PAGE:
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Surprise jump in US CPI burns another hole in market sentiment

us dollars on fire

There’s been no sign of a respite in selling pressure today coming to the end of a negative week as investors become increasingly concerned about the effects sticky inflation is expected to have on margins, consumer confidence, as well as company earnings.

Europe

The early optimism over the reopening of the Chinese economy in the early part of the week, seems a long time ago now, having given way to renewed gloom as authorities in Shanghai reimpose new lockdowns and restrictions, and US inflation hits a new 40 year high of 8.6%. 

Basic resources and energy sectors are acting as the biggest drag on concerns over lower demand, though the resilience in the oil price belies some of that.

Anglo American, Glencore and Rio Tinto are all contributing sizeable points declines, while modest weakness in oil prices is weighing on Shell and BP.

There hasn’t been much in terms of positivity, however GSK shares are outperforming after announcing positive phase 3 results for its RSV vaccine candidate, for older adults. The vaccine has been designed to deal with respiratory tract infections in older adults who may be immuno-compromised. 

Just Eat shares are one of the better performers today on reports that private equity company Apollo Global could be interested in acquiring its US GrubHub business. Back in April Just Eat said it was considering offloading the GrubHub business, less than a year after completing the deal for the price tag of £5.8bn.

Last month the shares hit 5-year lows and are down over 80% from their October 2020 peaks as higher costs and more competition eat into its margins. In Q1 the US business saw a 5% decline slump in orders, however it’s not been unique in that with southern European and ANZ region seeing a 4% decline, and UK and Ireland seeing no change.  The reality is any purchaser won’t be paying anywhere close to what Just Eat paid for the business which means the prospect of a big write down. 

US

US markets closed sharply lower yesterday, spooked by concerns that today’s May CPI report may well prove to be stickier than predicted, which in turn could mean the Fed is much more aggressive when it comes to normalising monetary policy.

Today’s CPI report confirmed for May those fears as headline inflation jumped to a 41-year high, coming in at 8.6% and making it all the more likely that we will see 50bps rate hikes at the next three Fed rate meetings. Any thoughts that we might see a pause in September now appears a remote prospect, with US markets opening sharply lower, even after yesterday’s big declines. 

US bond markets saw US 2 year and 5-year yields surge, flattening the yield curve further with the 5-year yield, moving sharply above the 10-year yield, and underscoring concerns that a US recession could be on the way, especially given that Michigan consumer confidence slumped to a record low in data released this afternoon.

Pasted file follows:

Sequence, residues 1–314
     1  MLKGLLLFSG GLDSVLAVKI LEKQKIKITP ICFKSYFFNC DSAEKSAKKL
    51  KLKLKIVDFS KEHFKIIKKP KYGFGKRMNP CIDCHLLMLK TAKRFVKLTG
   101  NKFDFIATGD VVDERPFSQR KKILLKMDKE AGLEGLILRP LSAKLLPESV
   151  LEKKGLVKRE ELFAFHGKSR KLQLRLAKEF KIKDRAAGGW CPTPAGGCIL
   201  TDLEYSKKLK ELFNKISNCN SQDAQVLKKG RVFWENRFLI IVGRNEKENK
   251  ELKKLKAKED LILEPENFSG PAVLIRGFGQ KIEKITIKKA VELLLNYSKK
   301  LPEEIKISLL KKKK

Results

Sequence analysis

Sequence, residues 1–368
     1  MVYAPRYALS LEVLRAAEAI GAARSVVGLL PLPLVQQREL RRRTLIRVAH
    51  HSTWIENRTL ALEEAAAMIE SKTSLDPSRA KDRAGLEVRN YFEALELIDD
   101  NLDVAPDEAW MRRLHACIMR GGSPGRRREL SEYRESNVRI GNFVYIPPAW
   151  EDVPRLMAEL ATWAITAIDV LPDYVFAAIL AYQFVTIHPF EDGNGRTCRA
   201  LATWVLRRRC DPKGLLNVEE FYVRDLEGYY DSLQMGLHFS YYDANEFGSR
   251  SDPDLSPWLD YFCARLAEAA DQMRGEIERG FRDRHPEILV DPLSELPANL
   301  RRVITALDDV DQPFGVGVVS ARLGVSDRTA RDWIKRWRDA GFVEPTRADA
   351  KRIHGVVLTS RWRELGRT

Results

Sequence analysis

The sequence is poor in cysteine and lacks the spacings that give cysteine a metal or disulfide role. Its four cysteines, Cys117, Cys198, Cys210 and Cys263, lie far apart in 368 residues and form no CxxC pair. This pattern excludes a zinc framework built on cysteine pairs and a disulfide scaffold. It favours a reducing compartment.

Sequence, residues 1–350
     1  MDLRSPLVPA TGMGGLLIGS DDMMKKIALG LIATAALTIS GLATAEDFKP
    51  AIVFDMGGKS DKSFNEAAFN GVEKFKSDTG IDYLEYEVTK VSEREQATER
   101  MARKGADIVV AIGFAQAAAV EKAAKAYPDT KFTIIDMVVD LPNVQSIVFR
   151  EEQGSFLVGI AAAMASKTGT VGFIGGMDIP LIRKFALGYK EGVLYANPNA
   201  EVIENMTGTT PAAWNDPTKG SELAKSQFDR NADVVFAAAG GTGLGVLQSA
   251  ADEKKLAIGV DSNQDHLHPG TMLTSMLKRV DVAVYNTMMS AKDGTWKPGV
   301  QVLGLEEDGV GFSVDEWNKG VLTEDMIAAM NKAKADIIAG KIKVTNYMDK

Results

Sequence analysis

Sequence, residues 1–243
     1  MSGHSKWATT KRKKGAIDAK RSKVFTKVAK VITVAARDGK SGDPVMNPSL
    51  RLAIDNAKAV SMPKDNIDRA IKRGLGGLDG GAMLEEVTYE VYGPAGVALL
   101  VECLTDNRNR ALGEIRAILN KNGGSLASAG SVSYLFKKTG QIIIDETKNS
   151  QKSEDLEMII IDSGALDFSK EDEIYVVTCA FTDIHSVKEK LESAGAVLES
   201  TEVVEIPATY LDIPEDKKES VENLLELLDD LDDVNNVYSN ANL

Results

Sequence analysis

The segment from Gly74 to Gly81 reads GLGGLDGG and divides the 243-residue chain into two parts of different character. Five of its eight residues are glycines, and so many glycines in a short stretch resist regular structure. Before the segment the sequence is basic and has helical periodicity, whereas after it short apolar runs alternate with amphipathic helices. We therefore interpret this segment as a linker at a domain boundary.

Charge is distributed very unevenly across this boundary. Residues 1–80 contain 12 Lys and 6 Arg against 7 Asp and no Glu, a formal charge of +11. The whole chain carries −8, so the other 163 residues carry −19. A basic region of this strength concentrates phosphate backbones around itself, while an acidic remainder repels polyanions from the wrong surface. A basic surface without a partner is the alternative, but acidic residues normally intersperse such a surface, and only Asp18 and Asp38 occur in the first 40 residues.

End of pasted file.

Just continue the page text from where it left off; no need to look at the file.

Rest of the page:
On the earnings front DocuSign shares have slumped sharply after profits in Q1 came in lower than expected, prompting broker downgrades in the process. Revenues were better than expected at $588m, however profits missed expectations, coming in short at $0.38c a share. The company also fell short on guidance downgrading its Q2 forecasts for billings, as well as for the rest of the year.

Elsewhere today’s weakness is broad based with consumer discretionary being hit the hardest. Online streamers Netflix and Roblox have been hit hard after being downgraded by Goldman Sachs. eBay is also lower for the same reason. 

FX

The US dollar has been the best performer this week and was given an added kick higher this afternoon after today’s red hot US CPI number, which saw headline inflation hit its highest level since November 1981, as traders ramped up rate hike expectations for this year.

The Swiss franc is amongst the worst performers this week, ahead of next week’s Swiss National Bank rate meeting, where they could use the recent pivot by the ECB as an excuse to exercise a pivot of its own.

The Japanese yen is clawing back some ground after the Ministry of Finance, along with Bank of Japan, officials expressed concern about the fall in the currency.

Putting to one side the reason that yen is declining is because Japan wants it to, the Bank of Japan was fairly explicit at its last meeting when it said it expects “short-term and long-term policy rates to remain at their present, or lower levels”. When other central banks are looking at raising rates quite sharply what did they expect to happen? The decline in the Japanese yen is on them and they are only now trying to put the genie back in the bottle. Perhaps next week’s Bank of Japan central bank meeting will prompt a change of tone?    

Commodities

Despite the prospect of new restrictions in China, crude oil prices are showing little sign of slowing, although today’s hot CPI number has seen prices slip back as concerns grow over possible demand destruction. The surge in the US dollar today has also served to act as a cap on prices.

This disappointment over the speed over a China reopening has seen copper prices fall back sharply this week, wiping out most of the gains of last week.

Higher bond yields and a stronger US dollar is also weighing on gold prices which have also slipped back to the lows seen last week.

 

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